|San Hsia tea plantation in Mid March 2015|
This definition is actually correct (where the english 'black' is the translation of Hong, red), but it's quite vague to describe a particular Oolong. Is it closer to black or green? Or, a more accurate way to ask would be: what is its degree of oxidation?
If it's lightly oxidized, is it OK to call it a "green Oolong", as I see it sometimes? No, this term is confusing, because it blurs the difference between a green tea and a lightly oxidized Oolong tea. Is there really such a big difference between a green tea and a lightly oxidized Oolong? The fastest way to learn is to experience this difference. The best way to do that is to taste 2 very similar teas:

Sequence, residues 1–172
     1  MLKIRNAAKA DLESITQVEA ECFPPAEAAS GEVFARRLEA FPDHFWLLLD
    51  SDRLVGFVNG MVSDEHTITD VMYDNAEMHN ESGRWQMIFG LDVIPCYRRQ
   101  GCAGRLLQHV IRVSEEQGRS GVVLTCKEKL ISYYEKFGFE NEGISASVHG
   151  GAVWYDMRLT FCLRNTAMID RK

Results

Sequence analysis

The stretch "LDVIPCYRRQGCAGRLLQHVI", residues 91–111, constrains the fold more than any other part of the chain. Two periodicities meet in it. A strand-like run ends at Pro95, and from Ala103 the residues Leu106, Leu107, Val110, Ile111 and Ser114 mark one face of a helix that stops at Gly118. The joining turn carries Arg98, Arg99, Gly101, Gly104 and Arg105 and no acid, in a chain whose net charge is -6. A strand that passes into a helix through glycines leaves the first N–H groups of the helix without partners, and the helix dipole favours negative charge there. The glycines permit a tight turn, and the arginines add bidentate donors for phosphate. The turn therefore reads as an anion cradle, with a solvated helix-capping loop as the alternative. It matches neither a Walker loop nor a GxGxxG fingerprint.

|Green tea vs lightly oxidized Oolong|
1. On the left: Jinxuan leaves from March 10, 2015 from San Hsia (Taiwan) processed as green tea (Bi Luo Chun).
2. On the right: Jinxuan leaves from December 28th, 2014 from Zhushan processed as Dong Pian, the least oxidized Oolong.
|Green tea vs. lightlty oxidized Oolong|
Note: The Tea Mastes online Boutique is now giving away 25 gr of Spring 2014 Jinxuan Oolong from Zhushan for any order of 60 USD or more (not including transportation). It's still free airmail shipping above 100 USD and free EMS shipping above 200 USD.
|Bi Luo Chun green tea from San Hsia, Taiwan|